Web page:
Osteopathy

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Osteopathy is a primary health care system that is complementary to standard medical care.

Osteopathy begin in 1874 when Dr Andrew Taylor Still, a medical physician, became interested in enhancing nature’s own ability to heal. He discovered and developed ways to manipulate tissue and restore function to dysfunctional tissue in order to recover normal physiology.

The key principle behind osteopathy is that the body contains self-healing mechanisms that can be utilised as part of treatment and is based on all parts of the body functioning together in an integrated manner. If one part of the body is restricted, then the rest of the body must adapt and compensate for this, eventually leading to an imbalance between central and sympathetic nervous systems potentially resulting in inflammation, pain, stiffness and other health conditions.

Osteopaths primarily work through the neurological, muscular and skeletal systems, mostly on muscles and joints, using holistic and patient-centered approaches. They also offer prevention advice such as stretching exercises, lifting techniques, posture, breathing and stress reduction to help individuals to maintain their own health. In addition some lifestyle changes including diet or workplace ergonomics can dramatically improve health and reduce ongoing health costs.

What is it for?

Osteopathy can be used to relieve the symptoms from a wide range of conditions, including:

  • Aches and pains
  • Back pain or ache of a general, acute or chronic nature
  • Neck pain
  • Headache arising from the neck
  • Shoulder and elbow pain
  • Joint pains including hip and knee pain from osteoarthritis in association with other treatment for this condition
  • Arthritic pain
  • Lumbago
  • Sciatica
  • Muscle spasms
  • Sports injuries and tensions

Osteopaths treat the person rather than specific conditions – for example, an injury to your knee might also affect the foot, hip and spine.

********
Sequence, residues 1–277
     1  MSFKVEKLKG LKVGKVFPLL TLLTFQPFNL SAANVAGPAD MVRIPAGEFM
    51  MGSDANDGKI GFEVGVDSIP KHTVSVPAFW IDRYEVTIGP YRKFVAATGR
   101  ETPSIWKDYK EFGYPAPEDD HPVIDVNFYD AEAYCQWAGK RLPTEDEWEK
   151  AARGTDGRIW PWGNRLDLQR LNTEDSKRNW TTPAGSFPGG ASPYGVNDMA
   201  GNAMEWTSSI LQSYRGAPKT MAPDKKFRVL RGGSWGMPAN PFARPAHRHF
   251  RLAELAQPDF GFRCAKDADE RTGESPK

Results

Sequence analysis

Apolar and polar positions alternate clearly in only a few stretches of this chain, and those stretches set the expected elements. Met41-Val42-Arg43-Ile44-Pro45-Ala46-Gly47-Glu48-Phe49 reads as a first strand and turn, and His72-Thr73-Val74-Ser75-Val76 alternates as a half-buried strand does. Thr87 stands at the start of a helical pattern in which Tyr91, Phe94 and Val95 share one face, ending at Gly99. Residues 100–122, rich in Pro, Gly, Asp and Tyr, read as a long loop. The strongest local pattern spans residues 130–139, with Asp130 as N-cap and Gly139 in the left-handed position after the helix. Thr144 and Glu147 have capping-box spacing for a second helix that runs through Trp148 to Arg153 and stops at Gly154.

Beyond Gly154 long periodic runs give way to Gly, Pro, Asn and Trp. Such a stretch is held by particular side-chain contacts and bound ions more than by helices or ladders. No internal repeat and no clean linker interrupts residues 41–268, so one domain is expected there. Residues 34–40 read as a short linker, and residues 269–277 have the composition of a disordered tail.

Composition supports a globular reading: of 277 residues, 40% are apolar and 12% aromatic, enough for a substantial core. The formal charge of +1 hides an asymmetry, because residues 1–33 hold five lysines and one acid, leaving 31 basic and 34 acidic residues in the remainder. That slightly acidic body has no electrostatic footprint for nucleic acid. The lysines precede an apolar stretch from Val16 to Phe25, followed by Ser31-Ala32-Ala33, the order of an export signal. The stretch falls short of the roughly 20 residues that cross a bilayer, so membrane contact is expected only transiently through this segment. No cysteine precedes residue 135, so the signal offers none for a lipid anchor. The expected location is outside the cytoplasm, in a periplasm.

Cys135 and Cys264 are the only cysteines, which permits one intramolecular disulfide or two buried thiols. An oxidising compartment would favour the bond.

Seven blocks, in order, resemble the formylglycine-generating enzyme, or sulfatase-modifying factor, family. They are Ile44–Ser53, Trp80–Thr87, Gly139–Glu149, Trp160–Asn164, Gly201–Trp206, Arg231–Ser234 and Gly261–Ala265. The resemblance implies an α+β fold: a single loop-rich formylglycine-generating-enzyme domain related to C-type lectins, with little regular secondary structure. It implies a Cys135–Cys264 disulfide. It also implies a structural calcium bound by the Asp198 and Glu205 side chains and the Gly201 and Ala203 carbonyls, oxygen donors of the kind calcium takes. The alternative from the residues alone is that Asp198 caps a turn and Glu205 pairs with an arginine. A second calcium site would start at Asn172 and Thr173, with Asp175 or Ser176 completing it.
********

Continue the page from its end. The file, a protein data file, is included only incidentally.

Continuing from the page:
Who is it for?

Osteopathy is suitable for almost anyone. Patients may be referred by a doctor or can choose to see an Osteopath independently.

What happens in a treatment?

Osteopathic diagnosis includes listening to your medical history, your current general health, observation of posture, movements and examination of muscles and joints. Physical, psychological and social factors are considered in the diagnosis. For examination you may be asked to undress to your underwear as this allows the osteopath to examine you properly, so bring some sports shorts if you feel uncomfortable .

Osteopathic treatment includes a wide range of gentle, non invasive manual techniques applied therapeutically such as:

  • Deep massage
  • Joint articulation
  • Joint and vertebral manipulation
  • Muscle energy techniques
  • Visceral techniques
  • Functional/Positional release techniques
  • Strain counter-strain techniques

Osteopaths mostly work on the muscles and the joints of the body using manual hands on treatment aiming to positively affect the nervous, lymphatic and circulatory systems.

In the United Kingdom, Osteopathy is a statutorily regulated profession. In 1993 the Osteopaths Act was passed by Parliament.

Please note: In cases of injury or accident it is advisable to seek advice from your GP in the first instance.

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